Despite Reopenings, Online Shopping Is Growing — And More Spending Trends in 2021
Now that 2021 is coming to a close, it’s time to look back and reflect on the shopping and spending trends that shaped it. The COVID-19 pandemic wreaked havoc on the economy last year, but things are looking up.
Much of this is likely due to the unemployment rate, which was 4.6% as of October 2021 — just shy of the pre-pandemic 4.4% in March 2020. Personal consumption expenditures are also on the rise, totaling $116.26 billion in the third quarter of 2021, compared with $111.51 during the same time period in 2020 and $110.14 in 2019, according to the Bureau of Economic Analysis.
Here’s a look at the biggest shopping and spending trends of 2021.
Year in Review: Take a Look Back at the Top Money Topics and Happenings of 2021
Online Shopping Is More Popular Than Ever
In an effort to reduce their risk of COVID-19 exposure, many consumers shifted much of their shopping online. Even now that vaccines are plentiful for Americans ages 5 and over, this trend shows no sign of slowing.
Non-store and online sales are expected to increase 18%-23% to a range of $1.09-$1.13 trillion in 2021 — excluding automobile dealers, gasoline stations and restaurants — according to the National Retail Foundation.
More than half — 57% — of consumers are shopping online at a higher volume than before the pandemic, according to Feedvisor’s 2021 Amazon Consumer Behavior Report. Additionally, 72% of survey respondents now have an Amazon Prime membership.
Breaking it down even further, 47% of people have shopped weekly or daily in a physical store location during the last 12 months, according to data from the December 2021 PwC Global Consumer Insights Pulse Survey. Slightly less, but notably close, 41% shopped online via a mobile phone or smartphone compared to 39% in June 2021 and 33% in March 2021.
Some People Are Ready To Splurge
As things slowly returned to a new normal this year, people were ready to open their wallets and leave the economic uncertainty of 2020 behind. In June, Bank of America CEO Brian Moynihan told CNBC’s Becky Quick on “Squawk Box” that customers’ credit and debit cards over the Zelle payment network saw a 20% increase for the year so far, compared to the same time period in 2019.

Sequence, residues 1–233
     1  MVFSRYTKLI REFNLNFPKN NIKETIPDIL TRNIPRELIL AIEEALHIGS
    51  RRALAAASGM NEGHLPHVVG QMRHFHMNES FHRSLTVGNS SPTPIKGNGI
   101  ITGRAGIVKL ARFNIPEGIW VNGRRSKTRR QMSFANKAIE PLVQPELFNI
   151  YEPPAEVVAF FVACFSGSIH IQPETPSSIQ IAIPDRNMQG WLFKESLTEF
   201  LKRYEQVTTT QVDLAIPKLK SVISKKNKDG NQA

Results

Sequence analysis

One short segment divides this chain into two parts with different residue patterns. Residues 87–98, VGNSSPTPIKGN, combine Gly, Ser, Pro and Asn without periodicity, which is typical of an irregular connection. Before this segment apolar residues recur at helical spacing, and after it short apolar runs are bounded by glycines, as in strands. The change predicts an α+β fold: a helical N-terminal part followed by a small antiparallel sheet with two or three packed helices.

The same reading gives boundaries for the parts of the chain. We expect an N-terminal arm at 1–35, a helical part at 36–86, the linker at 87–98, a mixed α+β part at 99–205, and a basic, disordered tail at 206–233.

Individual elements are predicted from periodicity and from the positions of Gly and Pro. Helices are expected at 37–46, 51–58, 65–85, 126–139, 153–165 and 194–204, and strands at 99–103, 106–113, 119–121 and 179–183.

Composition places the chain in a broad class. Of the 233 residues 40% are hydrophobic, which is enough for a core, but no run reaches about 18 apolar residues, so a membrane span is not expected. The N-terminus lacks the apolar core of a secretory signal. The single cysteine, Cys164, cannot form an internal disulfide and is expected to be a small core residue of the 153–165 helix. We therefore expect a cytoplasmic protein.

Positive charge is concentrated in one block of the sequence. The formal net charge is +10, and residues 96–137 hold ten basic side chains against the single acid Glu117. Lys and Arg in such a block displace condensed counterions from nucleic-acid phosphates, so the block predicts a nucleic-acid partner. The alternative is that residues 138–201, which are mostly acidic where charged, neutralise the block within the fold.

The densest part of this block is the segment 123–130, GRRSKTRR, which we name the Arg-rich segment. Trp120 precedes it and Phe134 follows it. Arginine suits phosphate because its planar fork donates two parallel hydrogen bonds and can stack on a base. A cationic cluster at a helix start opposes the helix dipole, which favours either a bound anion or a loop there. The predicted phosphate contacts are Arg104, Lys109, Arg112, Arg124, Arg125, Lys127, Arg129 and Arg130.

Therefore, it isn’t surprising that nearly 70% of people planned to spend more than usual in at least one category — i.e., 35% on travel and vacations and 28% at restaurants — depending on the COVID-19 situation, according to a March 2021 survey conducted for The New York Times by Survey Monkey.
However, people were more inclined to treat themselves earlier in the year than later. In February, 51% of people planned to splurge in 2021, compared with just 42% in August, according to data from McKinsey & Company.
At 78%, high-income — earning greater than $100,000 per year — millennials were the most likely to have plans to indulge, followed by 64% of high-income Gen Zers. Overall, baby boomers were the least likely to splurge, with only 17% of low-income — earning less than $50,000 per year — members planning to treat themselves and 22% of middle-income — earning $50,000-$100,000 per year — members, according to August McKinsey & Company data.
Back-to-School Shopping Surged
Due to the pandemic, in September 2020, 67% of parents with children under age 18 reported that classes had moved to a remote format, according to the National Center for Education Statistics. However, by June 2021, a National Retail Federation survey revealed 64% of back-to-school shoppers expected children to return to in-person classes mostly or entirely, increasing the demand for back-to-school shopping.
Families with children in grades K-12 planned to spend $848.90 on back-to-school items in 2021 — $59 more than last year — according to the NRF. In total, back-to-school spending was expected to reach a record-high $37.1 billion, marking a notable increase from $33.9 billion in 2020, according to the NRF.
Spending on Food Services and Accommodations Has Strongly Recovered
Among service categories hit especially hard by the pandemic from February through April 2020, food services and accommodations had the strongest resurgence, according to Deloitte. For example, personal consumption expenditures on food services and accommodations during the second quarter of 2021 was just 3.2% lower than the first quarter of 2019.
In December 2020, just under 40% of people felt safe going to a restaurant or bar, while only roughly 45% felt safe going to a hotel, according to Deloitte. By September 2021, more than 60% felt safe going to a restaurant or bar and nearly the same amount felt safe staying at a hotel.
Impressively, advance monthly sales for food services and drinking places in the U.S. totaled $72.42 billion — seasonally adjusted — in October 2021, according to the U.S. Census Bureau. As for travel, Americans were expected to set a record with 2021 summer vacation spending topping $150 billion — averaging $2,122 per household — according to an August 2021 whitepaper published by Allianz Partners USA.
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